The trouble with Ostarine: Jimmy Wallhead’s
16th March 2018
Alex Wilson is unable to participate in the Tokyo Olympics. The ad hoc Division of the International Sports Court of Justice, CAS, overturns the Decision of Swiss Olympic disciplinary body for doping cases and has imposed a provisional ban on the 30-year-old athlete from Basel. This is not related to the canceled European record.
The CAS decision is based on a positive doping test from Alex Wilson, conducted by Anti-doping Switzerland on 15 March outside of competition. The positive was due to an extremely small amount of epitrenbolone (a metabolite of trenbolone) detected. Trenbolone is a so-called non-specific substance, which means that any amount is prohibited and entails a ban.
Wilson was then returning from a training camp in the USA to Switzerland, the day before the birth of his third child. Wilson could not explain the positive results and immediately began research. Alex Wilson went through his training schedule and eating diary. It was quickly realised that he had a big meal both 72 hours and 48 hours before the urine sample.
He had consumed a lot of beef in a Las Vegas restaurant. With predominant probability, this could have resulted in consuming the banned substance trenbolone via contaminated meat in the USA, resulting in it being detected in the body of the Swiss record holder over 100 metres and 200 metres. Because trenbolone is an agent that is widely used in the USA for cattle fattening.
“For me, this is the only conclusive explanation for the positive result, especially as only small amounts of trenbolone have been detected”, said Wilson, whose case bears strong parallels to that of the American long jumper Jarrion Lawson. He tested positive for trenbolone in the summer of 2018 after having also had a few hours before the sample ingested contaminated beef and, finally, after 19 months of battle was acquitted by the CAS.
Accordingly, Wilson immediately appealed against the allegations to Anti-doping Switzerland. At the same time, an independent, specialised institute in Strasbourg was commissioned to analyse a sample of hair from Wilson’s beard. The result support the assumption that the banned substance most likely entered the body of the sprinter via food intake.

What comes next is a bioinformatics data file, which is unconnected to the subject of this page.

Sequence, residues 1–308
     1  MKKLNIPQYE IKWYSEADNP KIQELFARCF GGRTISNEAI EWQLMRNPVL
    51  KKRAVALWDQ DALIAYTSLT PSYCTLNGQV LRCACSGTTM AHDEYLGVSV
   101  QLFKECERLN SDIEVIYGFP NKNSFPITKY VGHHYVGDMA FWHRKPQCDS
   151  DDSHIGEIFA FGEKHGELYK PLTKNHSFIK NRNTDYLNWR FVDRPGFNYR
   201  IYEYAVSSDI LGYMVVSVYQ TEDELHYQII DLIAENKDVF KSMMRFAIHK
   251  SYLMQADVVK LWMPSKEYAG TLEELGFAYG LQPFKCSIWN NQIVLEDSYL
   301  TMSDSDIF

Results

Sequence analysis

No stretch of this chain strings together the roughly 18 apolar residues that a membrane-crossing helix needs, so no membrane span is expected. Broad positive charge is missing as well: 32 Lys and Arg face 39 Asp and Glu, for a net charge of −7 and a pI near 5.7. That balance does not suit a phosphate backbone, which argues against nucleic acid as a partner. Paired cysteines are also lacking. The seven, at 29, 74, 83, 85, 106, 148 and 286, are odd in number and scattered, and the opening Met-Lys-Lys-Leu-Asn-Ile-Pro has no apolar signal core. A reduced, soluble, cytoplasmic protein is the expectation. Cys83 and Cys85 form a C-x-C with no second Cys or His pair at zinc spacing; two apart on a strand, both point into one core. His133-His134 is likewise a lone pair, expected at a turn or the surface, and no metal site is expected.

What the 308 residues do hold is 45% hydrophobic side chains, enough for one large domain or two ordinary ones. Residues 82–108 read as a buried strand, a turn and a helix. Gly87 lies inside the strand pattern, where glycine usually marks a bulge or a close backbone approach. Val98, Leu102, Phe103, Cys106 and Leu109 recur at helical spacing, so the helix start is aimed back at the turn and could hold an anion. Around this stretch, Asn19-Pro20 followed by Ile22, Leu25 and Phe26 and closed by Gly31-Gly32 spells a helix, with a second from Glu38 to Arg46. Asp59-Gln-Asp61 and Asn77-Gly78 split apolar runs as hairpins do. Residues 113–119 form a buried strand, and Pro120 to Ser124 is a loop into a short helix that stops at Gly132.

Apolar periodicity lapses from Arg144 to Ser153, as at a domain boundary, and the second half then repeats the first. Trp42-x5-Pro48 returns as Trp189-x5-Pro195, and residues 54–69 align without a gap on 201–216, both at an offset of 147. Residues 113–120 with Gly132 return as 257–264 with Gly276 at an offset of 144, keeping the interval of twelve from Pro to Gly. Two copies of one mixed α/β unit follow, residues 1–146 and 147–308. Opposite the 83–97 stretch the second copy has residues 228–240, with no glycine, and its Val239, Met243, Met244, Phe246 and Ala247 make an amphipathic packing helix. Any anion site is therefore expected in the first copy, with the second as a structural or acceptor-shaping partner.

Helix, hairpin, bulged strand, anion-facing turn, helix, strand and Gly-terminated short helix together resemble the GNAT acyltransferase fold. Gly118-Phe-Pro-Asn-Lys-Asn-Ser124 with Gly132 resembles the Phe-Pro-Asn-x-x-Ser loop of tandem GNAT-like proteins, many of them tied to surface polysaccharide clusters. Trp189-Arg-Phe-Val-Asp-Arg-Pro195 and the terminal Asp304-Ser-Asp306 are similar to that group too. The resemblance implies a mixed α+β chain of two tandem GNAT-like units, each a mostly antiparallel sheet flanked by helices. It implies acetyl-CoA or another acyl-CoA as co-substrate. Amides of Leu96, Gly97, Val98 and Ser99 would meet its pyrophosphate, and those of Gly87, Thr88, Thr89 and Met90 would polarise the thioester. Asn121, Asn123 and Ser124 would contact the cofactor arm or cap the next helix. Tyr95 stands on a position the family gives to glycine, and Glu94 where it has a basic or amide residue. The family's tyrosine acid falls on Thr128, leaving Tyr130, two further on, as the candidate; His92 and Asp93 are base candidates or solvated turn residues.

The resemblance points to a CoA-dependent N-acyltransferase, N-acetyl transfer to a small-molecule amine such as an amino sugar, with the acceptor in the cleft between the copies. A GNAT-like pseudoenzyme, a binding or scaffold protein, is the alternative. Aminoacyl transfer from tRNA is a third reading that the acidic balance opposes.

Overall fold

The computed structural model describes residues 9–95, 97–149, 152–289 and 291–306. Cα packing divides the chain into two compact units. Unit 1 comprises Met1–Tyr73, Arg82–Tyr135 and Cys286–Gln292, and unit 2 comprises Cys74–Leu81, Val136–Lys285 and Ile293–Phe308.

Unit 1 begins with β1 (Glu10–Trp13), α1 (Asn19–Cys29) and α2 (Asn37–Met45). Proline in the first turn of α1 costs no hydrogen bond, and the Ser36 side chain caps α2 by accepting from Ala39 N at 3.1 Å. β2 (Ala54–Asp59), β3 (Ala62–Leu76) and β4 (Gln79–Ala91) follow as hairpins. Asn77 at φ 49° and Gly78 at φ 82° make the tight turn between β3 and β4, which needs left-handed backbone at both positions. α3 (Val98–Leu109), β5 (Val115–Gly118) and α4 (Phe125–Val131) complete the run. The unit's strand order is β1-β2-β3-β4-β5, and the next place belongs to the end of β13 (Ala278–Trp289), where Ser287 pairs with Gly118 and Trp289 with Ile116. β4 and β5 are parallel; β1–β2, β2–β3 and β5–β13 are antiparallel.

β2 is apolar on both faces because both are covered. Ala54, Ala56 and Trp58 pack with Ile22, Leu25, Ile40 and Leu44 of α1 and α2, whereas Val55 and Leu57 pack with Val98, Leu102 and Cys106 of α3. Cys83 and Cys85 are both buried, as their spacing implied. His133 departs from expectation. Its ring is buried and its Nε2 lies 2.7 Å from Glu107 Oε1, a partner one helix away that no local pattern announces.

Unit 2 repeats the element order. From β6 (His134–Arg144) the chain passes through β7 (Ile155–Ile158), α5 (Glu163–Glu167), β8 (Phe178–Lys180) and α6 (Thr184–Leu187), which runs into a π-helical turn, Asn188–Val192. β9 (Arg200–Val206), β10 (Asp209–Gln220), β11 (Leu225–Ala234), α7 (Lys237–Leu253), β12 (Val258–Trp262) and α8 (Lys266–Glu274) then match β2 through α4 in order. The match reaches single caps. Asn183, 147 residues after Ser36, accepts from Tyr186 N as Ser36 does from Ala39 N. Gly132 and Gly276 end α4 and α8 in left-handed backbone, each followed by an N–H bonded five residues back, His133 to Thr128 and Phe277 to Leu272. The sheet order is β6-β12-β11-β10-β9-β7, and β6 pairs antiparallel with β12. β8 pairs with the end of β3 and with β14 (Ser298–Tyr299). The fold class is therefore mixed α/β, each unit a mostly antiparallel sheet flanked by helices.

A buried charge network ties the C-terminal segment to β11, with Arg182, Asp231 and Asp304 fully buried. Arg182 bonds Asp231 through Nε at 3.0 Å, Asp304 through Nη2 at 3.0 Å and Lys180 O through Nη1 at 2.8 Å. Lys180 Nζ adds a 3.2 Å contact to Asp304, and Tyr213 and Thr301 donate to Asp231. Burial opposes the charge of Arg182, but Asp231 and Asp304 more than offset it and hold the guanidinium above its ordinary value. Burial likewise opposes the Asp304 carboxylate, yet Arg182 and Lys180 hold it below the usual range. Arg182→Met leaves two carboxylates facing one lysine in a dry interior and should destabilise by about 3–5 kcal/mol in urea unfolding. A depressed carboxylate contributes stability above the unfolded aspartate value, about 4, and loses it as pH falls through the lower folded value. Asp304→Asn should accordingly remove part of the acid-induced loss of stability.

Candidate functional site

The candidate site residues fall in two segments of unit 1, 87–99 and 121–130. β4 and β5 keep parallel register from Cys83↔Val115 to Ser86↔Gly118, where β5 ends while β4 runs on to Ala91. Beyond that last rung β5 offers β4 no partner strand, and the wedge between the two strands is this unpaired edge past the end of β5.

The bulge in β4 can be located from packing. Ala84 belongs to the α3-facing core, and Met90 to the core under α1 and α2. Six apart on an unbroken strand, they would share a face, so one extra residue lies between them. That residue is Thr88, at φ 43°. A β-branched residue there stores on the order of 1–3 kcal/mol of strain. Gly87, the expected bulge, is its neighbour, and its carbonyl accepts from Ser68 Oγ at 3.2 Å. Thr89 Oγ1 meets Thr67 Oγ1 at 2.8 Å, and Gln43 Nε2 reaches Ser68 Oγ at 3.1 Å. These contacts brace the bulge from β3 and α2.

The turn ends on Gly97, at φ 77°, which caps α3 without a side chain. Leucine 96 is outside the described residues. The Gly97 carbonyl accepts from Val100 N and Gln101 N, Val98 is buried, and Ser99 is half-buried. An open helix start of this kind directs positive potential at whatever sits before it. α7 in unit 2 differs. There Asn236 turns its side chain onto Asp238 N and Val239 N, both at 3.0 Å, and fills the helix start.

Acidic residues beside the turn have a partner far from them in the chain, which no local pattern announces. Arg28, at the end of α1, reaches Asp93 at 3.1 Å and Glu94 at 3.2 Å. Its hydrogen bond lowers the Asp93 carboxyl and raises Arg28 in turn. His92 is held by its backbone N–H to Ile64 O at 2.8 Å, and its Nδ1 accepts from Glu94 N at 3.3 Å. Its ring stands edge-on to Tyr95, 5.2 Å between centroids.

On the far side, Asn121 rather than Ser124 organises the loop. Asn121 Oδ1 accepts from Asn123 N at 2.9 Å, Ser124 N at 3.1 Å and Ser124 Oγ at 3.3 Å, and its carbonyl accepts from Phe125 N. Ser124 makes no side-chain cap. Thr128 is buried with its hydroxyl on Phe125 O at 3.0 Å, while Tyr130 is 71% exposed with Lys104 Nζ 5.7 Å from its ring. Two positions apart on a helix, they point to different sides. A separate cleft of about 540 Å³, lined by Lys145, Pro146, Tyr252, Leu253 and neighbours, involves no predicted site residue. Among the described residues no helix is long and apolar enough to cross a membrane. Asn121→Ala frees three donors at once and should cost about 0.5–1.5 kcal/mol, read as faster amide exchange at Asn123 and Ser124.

Taking into account the evidence presented by Alex Wilson, on 18 May 2021 the Disciplinary Chamber for doping cases of Swiss Olympic blocked the provisional suspension for the duration of the appeal and confirmed this decision on 2 July 2021 with the definitive lifting of the provisional ban. Accordingly, Wilson could be selected for the Tokyo Olympics on 5 July.
On Thursday last week, World Athletics and WADA filed a complaint against the Decision of the Disciplinary Chamber for doping cases, whereupon via the ad hoc Division of the CAS, Alex Wilson has been provisionally suspended again. Parallel to that procedure, the ordinary proceedings initiated before the Disciplinary Chamber regarding provisional suspension for doping cases is still ongoing. It is based around the presumption of innocence.
“I am very surprised and devastated by the CAS decision. I find it difficult to understand why I am expressing my point of view towards the disciplinary body of Swiss Olympic, which saw it as credible, but the Ad Hoc Division of the CAS was considering this World Athletics application and sees it differently. Especially because I have sound, scientific, and well-founded arguments that have been confirmed by experts.
“Unfortunately I now have nothing else but to bury my dream of the Olympics and must fight on at another level. It’s personal for me – and as everyone who has supported my path so far can see – it is a major concern to finally prove my innocence.”
The decision of the ad hoc division of the CAS is astonishing. The Disciplinary Chamber came to the conclusion that Alex Wilson had succeeded in credibly demonstrating that the positive findings could have come about through the consumption of contaminated beef. The ad hoc Division is now disregarding the decision of the disciplinary body for doping cases and accuses them of violating the law.
As part of the appeal procedure before the Disciplinary Chamber, even Anti-doping Switzerland was of the opinion that the provisional ban should not be enacted. Contrary to what the disciplinary body for doping cases and Anti-doping Switzerland think, the ad hoc Division has now made the present decision.
• This media release was published by Alex Wilson on 28 July 2021. Click here for the original.
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